Flexibility and intensity of global water use

An Author Correction to this article was published on 19 June 2019

This article has been updated

Abstract

Water stress is often evaluated by scarcity: the share of available water supply being consumed by humans. However, some consumptive uses of water are more or less flexible than others, depending on the costs or effects associated with their curtailment. Here, we estimate the share of global water consumption over the period 1980–2016 from the relatively inflexible demands of irrigating perennial crops, cooling thermal power plants, storing water in reservoirs and supplying basic water for humans and livestock. We then construct a water stress index that integrates the share of runoff being consumed (scarcity), the share of consumption in these inflexible categories (flexibility) and the historical variability of runoff weighted by storage capacity (variability), and use our index to evaluate the trends in water stress of global major river basins on six continents. We find that the 10% most stressed basins encompass ~19%, 19% and 35% of global population, thermal electricity generation and irrigated calorie production, respectively, and some of these basins also experience the largest increases in our identified stress indexes over the study period. Water consumption intensities (water used per unit of goods or service produced) vary by orders of magnitude across and within continents, with highly stressed basins in some cases characterized by high water consumption intensities. Our results thus point to targeted water mitigation opportunities (for example, relocating crops and switching cooling technologies) for highly stressed basins.

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Fig. 1: Global and sectoral water consumption.
Fig. 2: Global maps of three factors contributing to the SFV water stress index.
Fig. 3: Recent 5-year (2012–2016) average water stress indexes (SFV) for global major river basins in this study.
Fig. 4: Water consumption in comparison to water availability for selected river basins in each continent as shown in Fig. 3.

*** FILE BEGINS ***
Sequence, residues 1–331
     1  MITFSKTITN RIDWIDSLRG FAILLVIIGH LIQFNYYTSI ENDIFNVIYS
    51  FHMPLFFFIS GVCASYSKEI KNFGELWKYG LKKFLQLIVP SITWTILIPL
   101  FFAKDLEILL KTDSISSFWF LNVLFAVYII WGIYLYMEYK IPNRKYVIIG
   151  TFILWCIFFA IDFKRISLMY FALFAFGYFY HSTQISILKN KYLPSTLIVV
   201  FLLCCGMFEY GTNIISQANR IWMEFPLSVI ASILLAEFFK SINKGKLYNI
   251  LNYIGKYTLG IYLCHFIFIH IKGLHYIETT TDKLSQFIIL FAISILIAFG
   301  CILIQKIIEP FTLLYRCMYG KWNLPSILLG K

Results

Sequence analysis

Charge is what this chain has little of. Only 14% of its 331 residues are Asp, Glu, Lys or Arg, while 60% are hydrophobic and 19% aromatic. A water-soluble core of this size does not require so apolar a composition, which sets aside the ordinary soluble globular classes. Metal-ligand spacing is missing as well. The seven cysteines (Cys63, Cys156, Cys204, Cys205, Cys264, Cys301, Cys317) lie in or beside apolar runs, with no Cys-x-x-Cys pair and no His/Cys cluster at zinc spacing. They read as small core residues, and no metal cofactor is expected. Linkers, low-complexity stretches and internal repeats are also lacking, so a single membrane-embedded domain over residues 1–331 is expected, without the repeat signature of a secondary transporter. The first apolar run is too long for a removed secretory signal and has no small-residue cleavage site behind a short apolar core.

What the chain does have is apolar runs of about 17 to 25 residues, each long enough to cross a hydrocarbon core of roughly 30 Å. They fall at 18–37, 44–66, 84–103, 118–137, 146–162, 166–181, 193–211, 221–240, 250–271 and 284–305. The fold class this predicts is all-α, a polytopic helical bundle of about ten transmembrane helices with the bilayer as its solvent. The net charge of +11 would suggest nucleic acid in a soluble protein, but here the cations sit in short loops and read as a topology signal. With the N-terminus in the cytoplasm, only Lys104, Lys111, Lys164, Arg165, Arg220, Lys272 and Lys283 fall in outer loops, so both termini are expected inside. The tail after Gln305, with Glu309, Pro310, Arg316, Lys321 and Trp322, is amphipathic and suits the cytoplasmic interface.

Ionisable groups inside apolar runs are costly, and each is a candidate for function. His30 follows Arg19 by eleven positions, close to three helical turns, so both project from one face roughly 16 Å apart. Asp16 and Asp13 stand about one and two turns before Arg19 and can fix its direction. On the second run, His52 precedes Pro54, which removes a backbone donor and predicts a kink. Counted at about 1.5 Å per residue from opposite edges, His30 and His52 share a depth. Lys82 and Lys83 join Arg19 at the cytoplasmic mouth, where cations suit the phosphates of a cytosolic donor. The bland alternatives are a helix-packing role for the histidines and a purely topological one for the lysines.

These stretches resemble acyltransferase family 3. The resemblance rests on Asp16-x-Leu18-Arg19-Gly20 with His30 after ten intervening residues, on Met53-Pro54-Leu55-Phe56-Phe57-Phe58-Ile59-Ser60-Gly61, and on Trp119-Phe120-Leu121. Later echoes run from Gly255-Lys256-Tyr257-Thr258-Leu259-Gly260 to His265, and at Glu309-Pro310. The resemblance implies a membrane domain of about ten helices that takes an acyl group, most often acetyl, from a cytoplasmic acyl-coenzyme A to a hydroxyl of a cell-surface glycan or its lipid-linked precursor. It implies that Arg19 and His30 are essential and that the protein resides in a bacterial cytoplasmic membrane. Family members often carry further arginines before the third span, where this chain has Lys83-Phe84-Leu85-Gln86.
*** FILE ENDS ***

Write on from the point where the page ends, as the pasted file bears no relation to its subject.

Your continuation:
Fig. 5: Average water consumption intensities for thermal power cooling, perennial crops irrigation and reservoir evaporation at the basin level for major continents in 2016.

Data availability

Data used to perform this work can be found in the Supplementary Information. Any further data that support the findings of this study are available from the corresponding authors upon reasonable request.

Change history

  • 19 June 2019

    In the version of this Analysis originally published, in the section ‘Trends in global water demand’, the percentage increase in agricultural area equipped for irrigation was incorrect: the text ‘rose by 48% from 270 to 400×106 ha’ should have read ‘rose by 50% from 220 to 330×106 ha’; this has now been corrected.

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Acknowledgements

Y.Q., C.H. and S.J.D. were supported by the US National Science Foundation (INFEWS grant EAR 1639318). We acknowledge helpful discussions with C. McIntosh.

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Contributions

S.J.D., N.D.M., R.B.J., J.B.Z. and Y.Q. designed the study. Y.Q. performed the analyses, with additional support from S.S., A.A. and D.T. on datasets and S.S., C.H. and D.T. on analytical approaches. Y.Q., S.J.D., N.D.M., R.B.J. and J.B.Z. led the writing with input from all co-authors.

Corresponding author

Correspondence to Yue Qin.

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Supplementary information

Supplementary Information

Supplementary Methods, Supplementary References 1–79, Supplementary Tables 1–7 and Supplementary Figs. 1–7.

Supplementary Dataset 1

Spreadsheet of data that allows readers to use their own preferred weighting schemes to generate the resulting new water stress indexes for global basins.

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Qin, Y., Mueller, N.D., Siebert, S. et al. Flexibility and intensity of global water use. Nat Sustain 2, 515–523 (2019). https://doi.org/10.1038/s41893-019-0294-2

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